With the concept and the overall offset, there’s nothing wrong with the game at all. With the general execution, however, there is so much wrong it truly detracts from the otherwise fun experience the DX version could have been. Right off the bat, you’ll notice the very dated level design that is based on precision. Again, nothing truly wrong with that, but then you start traversing through the world, and you notice how bad the controls are. This game requires precision, but its controls are the equivalent of navigating a pogo-stick on a greased-up floor. More than often you will land your jump perfectly, to still slide off the platform. Other times, you’ll get killed by poorly designed hitboxes, or simply because gravity makes no sense in the game. Sometimes, when falling down from a platform, instead of falling down in a straight line, you still fall at a certain angle, dying instantly from touching an enemy. At other times, for example during the boss battle with the raging bull, you will get killed when it comes too close (not even touching you), but when you actually want to damage it when it’s stunned, you have to step inside the hitbox that killed you earlier. It just doesn’t make any sense.

Perhaps novel in 1986 and 1987, but the rock-paper-scissors boss battles are just absolutely tedious. You’ll make your way at the end of the level, only for you having to guess the right action (rock, paper, or scissors) in a best out of three battle. If you lose, you’ll lose a life, and restart at the last checkpoint. When not playing with unlimited lives, you might find yourself having to redo the entire stage you just went through because you died in a rock-paper-scissors match. While it is good that the game now has proper checkpoints, losing all your lives also means you lose all your money. When this happens, you lose the ability to purchase items at the start of levels you might respawn in. Then again, these items are never explained what they do (or are not even named for that matter). It all feels like this was okay more than 30 years ago, it just feels lazy and clunky for a 2021 rendition of a game. It would have been nice to have an emulated version of the old one, to then play a spruced up and improved version that falls in line with today’s standards.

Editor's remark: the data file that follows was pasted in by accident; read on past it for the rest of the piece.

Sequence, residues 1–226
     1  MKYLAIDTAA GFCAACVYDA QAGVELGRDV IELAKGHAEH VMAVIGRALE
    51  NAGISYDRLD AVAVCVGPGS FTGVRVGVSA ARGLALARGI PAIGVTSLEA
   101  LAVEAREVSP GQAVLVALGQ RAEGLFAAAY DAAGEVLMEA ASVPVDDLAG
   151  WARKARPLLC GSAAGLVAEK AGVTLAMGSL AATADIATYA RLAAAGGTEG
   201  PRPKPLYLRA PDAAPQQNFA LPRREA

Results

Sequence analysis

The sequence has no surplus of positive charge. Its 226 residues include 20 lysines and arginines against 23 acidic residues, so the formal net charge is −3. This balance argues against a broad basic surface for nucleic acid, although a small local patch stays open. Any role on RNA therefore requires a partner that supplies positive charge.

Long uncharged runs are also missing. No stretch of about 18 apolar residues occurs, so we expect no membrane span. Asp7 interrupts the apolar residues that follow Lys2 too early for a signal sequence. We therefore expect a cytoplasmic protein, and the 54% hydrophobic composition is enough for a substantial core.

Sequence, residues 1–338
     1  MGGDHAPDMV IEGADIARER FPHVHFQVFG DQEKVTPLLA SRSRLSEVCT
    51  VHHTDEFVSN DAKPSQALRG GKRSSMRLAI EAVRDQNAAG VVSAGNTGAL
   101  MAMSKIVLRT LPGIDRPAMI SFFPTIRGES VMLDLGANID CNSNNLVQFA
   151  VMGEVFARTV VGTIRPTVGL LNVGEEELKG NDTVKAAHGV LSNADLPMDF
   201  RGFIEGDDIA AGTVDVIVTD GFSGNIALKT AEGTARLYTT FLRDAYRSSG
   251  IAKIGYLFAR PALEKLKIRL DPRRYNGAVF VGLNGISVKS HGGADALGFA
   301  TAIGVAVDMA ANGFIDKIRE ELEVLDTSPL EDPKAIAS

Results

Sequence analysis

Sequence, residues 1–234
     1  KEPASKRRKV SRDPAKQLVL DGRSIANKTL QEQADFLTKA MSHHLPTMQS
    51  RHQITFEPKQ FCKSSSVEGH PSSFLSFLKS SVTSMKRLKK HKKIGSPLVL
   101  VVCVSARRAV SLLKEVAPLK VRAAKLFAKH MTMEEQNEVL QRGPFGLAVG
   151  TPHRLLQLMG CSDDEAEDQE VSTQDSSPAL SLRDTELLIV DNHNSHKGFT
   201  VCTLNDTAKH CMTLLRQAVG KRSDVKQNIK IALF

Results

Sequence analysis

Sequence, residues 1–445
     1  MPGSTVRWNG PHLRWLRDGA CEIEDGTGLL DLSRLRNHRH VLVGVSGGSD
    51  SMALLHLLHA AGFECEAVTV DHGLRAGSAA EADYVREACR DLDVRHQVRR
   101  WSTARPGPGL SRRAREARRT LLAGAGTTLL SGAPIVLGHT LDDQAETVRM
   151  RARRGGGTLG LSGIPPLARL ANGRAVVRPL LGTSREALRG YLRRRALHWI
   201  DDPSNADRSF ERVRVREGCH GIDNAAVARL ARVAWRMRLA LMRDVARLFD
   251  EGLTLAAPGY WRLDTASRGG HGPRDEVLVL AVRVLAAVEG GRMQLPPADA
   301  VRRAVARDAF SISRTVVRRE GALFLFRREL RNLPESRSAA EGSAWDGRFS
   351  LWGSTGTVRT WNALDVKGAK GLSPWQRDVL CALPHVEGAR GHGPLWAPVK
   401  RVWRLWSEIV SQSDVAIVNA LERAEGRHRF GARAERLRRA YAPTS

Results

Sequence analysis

Alex Kidd in Miracle World DX is a decent homage to a true classic when looking at it from a graphical point of view. In terms of gameplay, this game is a complete abomination by today’s standards. We would have just preferred if the Miracle World DX version came with the option to play the real original, rather than just a retro filter smeared on top of the new game. This would have allowed the new game to improve upon the mechanics and items of the old game, with better controls, less annoying boss battles, decent dialogue, and other updates. As it stands now, it feels like a very bad port of the original, albeit with a very pretty visual upgrade and some non-sensical changes. This one may be fun for fans of the original, but for newcomers, this is just one hot frustrating mess. We cannot see anyone getting a lot of fun by navigating a character that feels as if he’s walking on ice while getting randomly killed by hitboxes that are twice the size of the enemies and then finally end up playing a random game of rock-paper-scissors that might end up killing you.

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Rating: 7.0/10 (1 vote cast)
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Alex Kidd in Miracle World DX - Review, 7.0 out of 10 based on 1 rating

Aspiring ninja.

1 Comment

  1. | Within the Blade – Review
    August 1, 2021, 00:02

    […] stage. Nonetheless, not every game hits that nostalgia-infused sweet spot, as was the case with the Alex Kidd in Miracle World DX. Now, we cloak ourselves in darkness, preparing to cut off limbs in Within the Blade on PS5. […]

    VA:F [1.9.22_1171]